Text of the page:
Favorite Premix Oil and Ratio

Discussion in '2 smokers' started by craydds, Mar 26, 2013.

  1. Twin-shocker

    Twin-shocker Long timer

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    I suggest you try running the correct fuel/oil ratio for your application, and if you feel there is no improvement return to using whatever you are currently.

    Using the correct oil at the right ratio for your application, will result in improved running and increased engine life. Too much oil tends to gum piston rings, and clog exhausts, and contrary to popular belief does not extend engine life.
  2. Twin-shocker

    Twin-shocker Long timer

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    There is an awful lot of BS in circulation about 2T bikes, with much of it based on thinking which is 30 years or more out of date! In choosing a 2T oil for pre-mix bikes, make sure it states clearly on the packaging "PRE-MIX ONLY", as any 2T oil which can also be used in injector oiling systems, is not fully synthetic, and ideally should be avoided for use on pre-mix competition bikes (its thinned 20% with kerosene, so it will work in injector systems).
  3. Mr. Carts

    Mr. Carts Been here awhile

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    I think I will stick with Blendzall @ 20to1.

    Been using this ratio since my first Hodaka.
  4. craydds

    craydds Long timer

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    That, I understand clearly - NO injector oil, nor "works in BOTH injection and premix" BS. I like the Bel-Ray MC-1, http://www.belray.com/bel-ray-mc-1-racing-full-synthetic-2t-engine-oil , says it's for old air-cooled 2T's, may give it a go next time. (but it is awfully pricey, $$$) When I got my old YZ, the externals - engine, pipe, etc. - were drenched in oil and dirt and baked-on oil/dirt. Possibly the P.O. was running a 20:1 castor mix; maybe it has preserved the motor internals.
  5. anotherguy

    anotherguy unsympathetic

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    No. You made the claim now provide references. Otherwise it's simply internet bullshit.

    And who said I haven't performed tests?
  6. clicheche

    clicheche Adventurer

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    [QUOTEDyno testing is certainly very helpful when it comes to setting up serious race bikes, which are properly maintained, and owned by riders who know what they are doing.

    However for those who apparently are unable to grasp even very basic concepts related to engine set up and tuning, and ride play bikes which in most cases are poorly maintained, then dyno set up is to a large extent irrelevant.

    In this thread much has been made of dyno testing carried out by Gordon Jennings some 40 years ago.

    Today this has little relevance, other than from a historic perspective, and without exception play bike riders most of whom ride worn out old nails, would be well advised to run a lot less oil than serious competitors, which will provide cleaner pick up, increased power, and not quite so much smoke issuing from bikes being ridden at a snails pace.][/QUOTE]

    this made me side slightly with twin shocker.
    disclaimer: i know next to nothing. i just have a knack...?:ricky
  7. Twin-shocker

    Twin-shocker Long timer

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    Your posts seem to confirm the fact you have little or no first hand experience, and certainly have never built a motor intended for serious competition. Those without first hand experience tend to rely on what they can find on the net, and in some cases books written 40 years ago. I suggest you move away from the idea of taking BS as gospel, and try using the correct fuel/oil ratio in your bike, and take note of how much better it runs. You will most certainly find that first hand experience is far more valuable than almost all of what you will find in books and on the net, and hopefully your bike will run quite a bit better.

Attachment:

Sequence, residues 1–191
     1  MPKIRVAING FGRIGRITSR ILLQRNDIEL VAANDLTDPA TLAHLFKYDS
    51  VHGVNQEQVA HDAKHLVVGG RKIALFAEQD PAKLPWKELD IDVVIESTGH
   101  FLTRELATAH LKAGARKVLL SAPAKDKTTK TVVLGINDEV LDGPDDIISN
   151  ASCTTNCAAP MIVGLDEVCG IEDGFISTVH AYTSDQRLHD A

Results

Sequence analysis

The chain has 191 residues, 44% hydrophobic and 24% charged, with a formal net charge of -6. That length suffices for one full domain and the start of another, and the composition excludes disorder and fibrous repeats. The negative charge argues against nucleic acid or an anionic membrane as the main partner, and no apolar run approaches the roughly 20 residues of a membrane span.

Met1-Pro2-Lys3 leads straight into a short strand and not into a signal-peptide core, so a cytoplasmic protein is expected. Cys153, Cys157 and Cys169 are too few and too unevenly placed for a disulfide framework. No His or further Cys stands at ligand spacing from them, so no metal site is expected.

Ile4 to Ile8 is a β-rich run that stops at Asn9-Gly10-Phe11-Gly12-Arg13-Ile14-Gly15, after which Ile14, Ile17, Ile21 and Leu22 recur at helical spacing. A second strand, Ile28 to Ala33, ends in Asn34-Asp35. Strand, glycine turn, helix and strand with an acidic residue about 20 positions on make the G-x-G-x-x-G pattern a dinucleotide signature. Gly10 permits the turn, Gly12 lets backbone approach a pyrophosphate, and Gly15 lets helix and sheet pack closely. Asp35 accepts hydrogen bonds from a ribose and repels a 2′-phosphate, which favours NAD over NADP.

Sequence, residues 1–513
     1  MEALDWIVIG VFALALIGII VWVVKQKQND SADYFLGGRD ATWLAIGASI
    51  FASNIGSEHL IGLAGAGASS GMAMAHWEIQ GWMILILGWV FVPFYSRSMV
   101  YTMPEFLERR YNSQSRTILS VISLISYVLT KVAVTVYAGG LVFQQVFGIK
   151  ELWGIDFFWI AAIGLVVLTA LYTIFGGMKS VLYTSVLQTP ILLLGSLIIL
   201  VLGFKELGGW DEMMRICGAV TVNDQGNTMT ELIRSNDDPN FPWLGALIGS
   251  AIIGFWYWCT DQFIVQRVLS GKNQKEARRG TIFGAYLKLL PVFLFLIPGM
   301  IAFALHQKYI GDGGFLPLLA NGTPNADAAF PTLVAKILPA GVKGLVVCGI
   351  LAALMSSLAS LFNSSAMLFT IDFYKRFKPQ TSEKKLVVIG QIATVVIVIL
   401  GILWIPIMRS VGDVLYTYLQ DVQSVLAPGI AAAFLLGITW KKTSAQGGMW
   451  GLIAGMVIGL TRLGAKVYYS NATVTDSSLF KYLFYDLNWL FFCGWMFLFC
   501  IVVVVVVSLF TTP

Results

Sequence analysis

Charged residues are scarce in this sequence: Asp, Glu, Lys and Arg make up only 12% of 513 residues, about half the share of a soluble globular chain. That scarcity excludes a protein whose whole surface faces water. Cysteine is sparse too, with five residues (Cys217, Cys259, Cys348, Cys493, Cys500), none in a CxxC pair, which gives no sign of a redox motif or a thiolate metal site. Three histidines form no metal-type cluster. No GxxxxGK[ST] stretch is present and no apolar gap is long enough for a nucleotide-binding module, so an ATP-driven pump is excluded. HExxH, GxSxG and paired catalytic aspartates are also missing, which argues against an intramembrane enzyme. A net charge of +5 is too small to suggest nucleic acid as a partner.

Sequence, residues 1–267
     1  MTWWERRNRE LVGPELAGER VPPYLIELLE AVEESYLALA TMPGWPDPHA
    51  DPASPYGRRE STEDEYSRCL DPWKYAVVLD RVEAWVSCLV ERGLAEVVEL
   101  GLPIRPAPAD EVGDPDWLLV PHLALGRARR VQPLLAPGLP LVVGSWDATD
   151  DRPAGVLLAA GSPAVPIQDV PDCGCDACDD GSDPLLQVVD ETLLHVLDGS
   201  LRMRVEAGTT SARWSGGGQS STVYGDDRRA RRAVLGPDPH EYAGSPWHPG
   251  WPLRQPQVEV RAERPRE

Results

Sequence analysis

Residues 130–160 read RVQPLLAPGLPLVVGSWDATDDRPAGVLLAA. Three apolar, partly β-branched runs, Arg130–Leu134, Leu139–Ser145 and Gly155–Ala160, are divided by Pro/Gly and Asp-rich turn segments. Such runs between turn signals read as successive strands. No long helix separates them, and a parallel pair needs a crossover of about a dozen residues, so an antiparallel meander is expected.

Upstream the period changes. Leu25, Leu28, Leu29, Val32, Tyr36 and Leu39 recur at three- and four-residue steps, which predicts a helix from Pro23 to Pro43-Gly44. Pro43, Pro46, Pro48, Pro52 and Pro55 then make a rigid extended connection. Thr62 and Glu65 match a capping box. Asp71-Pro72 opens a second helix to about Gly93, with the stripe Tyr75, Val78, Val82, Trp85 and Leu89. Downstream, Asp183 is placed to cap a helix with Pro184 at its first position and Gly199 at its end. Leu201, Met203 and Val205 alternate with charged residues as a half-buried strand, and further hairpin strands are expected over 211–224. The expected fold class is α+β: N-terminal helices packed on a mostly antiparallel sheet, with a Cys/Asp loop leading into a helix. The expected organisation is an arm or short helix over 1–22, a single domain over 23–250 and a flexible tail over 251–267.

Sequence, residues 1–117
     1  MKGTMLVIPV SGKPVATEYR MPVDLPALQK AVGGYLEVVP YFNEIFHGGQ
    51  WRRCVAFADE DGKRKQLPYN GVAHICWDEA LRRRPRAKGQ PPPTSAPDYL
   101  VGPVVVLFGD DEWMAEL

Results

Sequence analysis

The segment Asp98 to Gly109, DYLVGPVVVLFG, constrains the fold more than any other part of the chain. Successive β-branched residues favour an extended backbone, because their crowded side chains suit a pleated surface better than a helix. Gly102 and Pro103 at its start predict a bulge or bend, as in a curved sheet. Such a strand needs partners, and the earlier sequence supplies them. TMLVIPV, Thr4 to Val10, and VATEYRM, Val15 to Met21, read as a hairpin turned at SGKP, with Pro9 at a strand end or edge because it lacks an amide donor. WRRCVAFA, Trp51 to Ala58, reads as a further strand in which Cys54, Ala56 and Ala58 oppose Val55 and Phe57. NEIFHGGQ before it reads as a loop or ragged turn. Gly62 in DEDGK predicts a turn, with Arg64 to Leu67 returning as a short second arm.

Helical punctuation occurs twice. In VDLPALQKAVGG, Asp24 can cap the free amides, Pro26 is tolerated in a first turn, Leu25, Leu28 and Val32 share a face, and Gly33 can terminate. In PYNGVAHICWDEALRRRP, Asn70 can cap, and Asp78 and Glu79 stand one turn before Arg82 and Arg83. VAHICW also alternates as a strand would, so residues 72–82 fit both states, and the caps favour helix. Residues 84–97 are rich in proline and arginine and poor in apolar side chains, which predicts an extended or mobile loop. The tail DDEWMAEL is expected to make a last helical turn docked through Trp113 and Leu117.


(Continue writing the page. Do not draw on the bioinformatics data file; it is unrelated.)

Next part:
8. Twin-shocker

    Twin-shocker Long timer

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    this made me side slightly with twin shocker.
    disclaimer: i know next to nothing. i just have a knack...?:ricky[/QUOTE]

    Anyone carrying out worthwhile development and testing of 2T motors, will keep the results of this very close to the chest, not least due to the fact it will very likely have taken them many hours to achieve very small gains, and this is the reason there is little or no information regarding this that can be easily found.
  9. Twin-shocker

    Twin-shocker Long timer

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    I used to use MC1, its a good oil, but there are much better ones available today, designed for use with modern alcohol bearing fuels. Avoid any dual purpose 2T oil which can be used in injector systems, as this is very thin, and can result in corrosion damage when used in pre-mix bikes.
  10. Twin-shocker

    Twin-shocker Long timer

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    I think you would be very surprised indeed at how much better your bikes ran after exhaust and top end service, and running on the correct fuel/oil ratio.
  11. anotherguy

    anotherguy unsympathetic

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    Why is it when asked to present collaboration you resort to petty insults designed to deflect attention from the fact you've done nothing other than blather about your belief. Scientific papers as well as SAE papers provide concurring findings by peers. Why do you have such difficulties when asked to do so?

    I presented evidence supporting my findings on post #20. No carbon present in the dome,simply some splooge easily cleaned away with a rag. Care to explain why?
  12. craydds

    craydds Long timer

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    :ear
    I have been reading about the synth oils for PRE-MIX only, but much of it is the manufacturer's claims. What do you recommend?
  13. Twin-shocker

    Twin-shocker Long timer

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    Suggesting you have no first hand experience was simply an observation of fact, and not intended to be insulting in any way. Sorry if you took it in the wrong way.
  14. Twin-shocker

    Twin-shocker Long timer